Yesterday I noted that there were a few things I like about Windows 7.

I saw a tweet about the post today from microsoftsubnet on the Seven things to love, hate about Windows 7 by Tom Henderson and Brendan Allen in Network World (01/15/09, See http://tinyurl.com/9ropqp).

The next area of Windows 7 to mention that I find that I use and enjoy is the new and improved Taskbar, as covered here on MSDN.

Windows 7 taskbar.

I find that the Taskbar's new features saves me time and effort navigating the many files I keep open on my desktop throughout the day, showing all the apps running in adjacent, live thumbnails, as well as all of the windows I have opened in each app.  At one count, I have six or seven mails open in Outlook, a couple of bugs in PS, several tabs in IE8, Office Communicator and a couple of additional apps I don't recall.  More on the Taskbar from MSDN:

In Windows Vista, hovering over an application's taskbar button displays a thumbnail that represents the running window. If the taskbar has collapsed the application's windows, the thumbnail represents this by appearing as a stack, but only the active window is shown in the thumbnail itself.

In Windows 7, each member of a group is shown as a separate thumbnail and is now also a switch target. An application can define its children (such as true child windows, individual documents, or tabs) and provide corresponding thumbnails for each of those windows even when they would not normally appear in the taskbar. This enables users to switch directly into the view of the application that they want rather than switching into the application and then switching to their destination. For example, multiple-document interface (MDI)/tabbed-document interface (TDI)applications can have each document or tab displayed as a separate thumbnail and switch target when the mouse hovers over a group's taskbar button.

Three taskbar thumbnails that represent individual tabs in Windows Internet Explorer.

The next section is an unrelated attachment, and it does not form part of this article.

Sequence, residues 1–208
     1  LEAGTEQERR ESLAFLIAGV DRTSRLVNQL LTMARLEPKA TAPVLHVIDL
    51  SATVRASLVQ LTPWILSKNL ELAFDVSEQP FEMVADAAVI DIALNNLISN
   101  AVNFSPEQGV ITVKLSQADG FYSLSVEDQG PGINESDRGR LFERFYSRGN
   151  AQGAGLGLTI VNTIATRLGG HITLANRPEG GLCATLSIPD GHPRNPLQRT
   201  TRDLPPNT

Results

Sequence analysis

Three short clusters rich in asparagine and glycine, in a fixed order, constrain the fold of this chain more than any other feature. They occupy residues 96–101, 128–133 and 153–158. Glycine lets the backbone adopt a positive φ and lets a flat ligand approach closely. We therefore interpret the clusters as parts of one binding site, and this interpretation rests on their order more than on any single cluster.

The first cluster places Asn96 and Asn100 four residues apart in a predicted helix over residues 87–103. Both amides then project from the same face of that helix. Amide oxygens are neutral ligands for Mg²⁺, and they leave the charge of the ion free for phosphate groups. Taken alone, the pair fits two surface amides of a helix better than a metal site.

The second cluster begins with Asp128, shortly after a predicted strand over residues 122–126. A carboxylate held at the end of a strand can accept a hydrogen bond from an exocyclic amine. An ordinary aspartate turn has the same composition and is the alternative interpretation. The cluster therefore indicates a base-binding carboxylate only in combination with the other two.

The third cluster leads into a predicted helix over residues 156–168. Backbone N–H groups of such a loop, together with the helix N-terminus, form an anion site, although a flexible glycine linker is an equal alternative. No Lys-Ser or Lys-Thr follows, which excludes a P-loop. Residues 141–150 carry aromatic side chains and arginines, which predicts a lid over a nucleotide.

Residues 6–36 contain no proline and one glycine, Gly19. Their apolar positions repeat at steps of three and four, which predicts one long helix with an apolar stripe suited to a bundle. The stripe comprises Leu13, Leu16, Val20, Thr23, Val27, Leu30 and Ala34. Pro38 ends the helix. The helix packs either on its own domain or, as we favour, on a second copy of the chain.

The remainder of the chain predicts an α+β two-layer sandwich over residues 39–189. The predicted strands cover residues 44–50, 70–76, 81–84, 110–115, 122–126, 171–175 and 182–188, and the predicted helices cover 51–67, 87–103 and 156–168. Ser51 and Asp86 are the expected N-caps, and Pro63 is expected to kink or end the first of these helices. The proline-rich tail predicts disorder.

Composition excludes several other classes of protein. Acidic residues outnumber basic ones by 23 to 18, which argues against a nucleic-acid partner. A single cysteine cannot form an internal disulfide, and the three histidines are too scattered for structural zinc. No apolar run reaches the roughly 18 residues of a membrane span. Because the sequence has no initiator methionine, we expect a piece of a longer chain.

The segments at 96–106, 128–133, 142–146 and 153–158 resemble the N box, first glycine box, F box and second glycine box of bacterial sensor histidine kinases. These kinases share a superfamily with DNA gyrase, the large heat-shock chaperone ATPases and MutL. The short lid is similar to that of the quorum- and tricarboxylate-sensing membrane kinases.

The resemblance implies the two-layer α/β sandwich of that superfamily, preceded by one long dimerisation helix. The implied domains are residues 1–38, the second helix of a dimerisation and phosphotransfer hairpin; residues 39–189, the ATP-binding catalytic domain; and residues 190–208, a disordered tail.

Cleary I'm not the only one who thinks this way: this feature was also noted today by Jason Chen on Gizmodo in his post Win 7 Tip: The Taskbar Is the Most Useful New UI Change.  Chen reports this week (Jan 15 2009) that…

"Once you get past the slightly differently-colored Aero theme in Windows 7, you'll realize that it looks, UI-wise, almost the same as Vista. That is, until you look down at the Taskbar. Now that's new.

"First, you'll notice that the Quick Launch Bar (the little tray on the left in XP and Vista where you can click to launch apps) has been combined with the Taskbar (the place where open apps used to sit so you can access them). Now, it's just one bar of icons that opens up "in place", much like OS X's dock. You then can right click on these and pin them to to the Taskbar (again, like the Dock) so you can launch these apps when not in use."

More on the Taskbar can be seen in the PDC video on Channel 9 covering the Windows 7 desktop from Chaitanya Sareen, and described in his blog post on the e7 blog.

When used with some of the new hotkey shortcut combinations in the Windows 7 Beta (courtesy of Brandon), you can fly through your work on Win7.

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Tags: Microsoft, your questions, Windows Live, customer experience, Windows 7.

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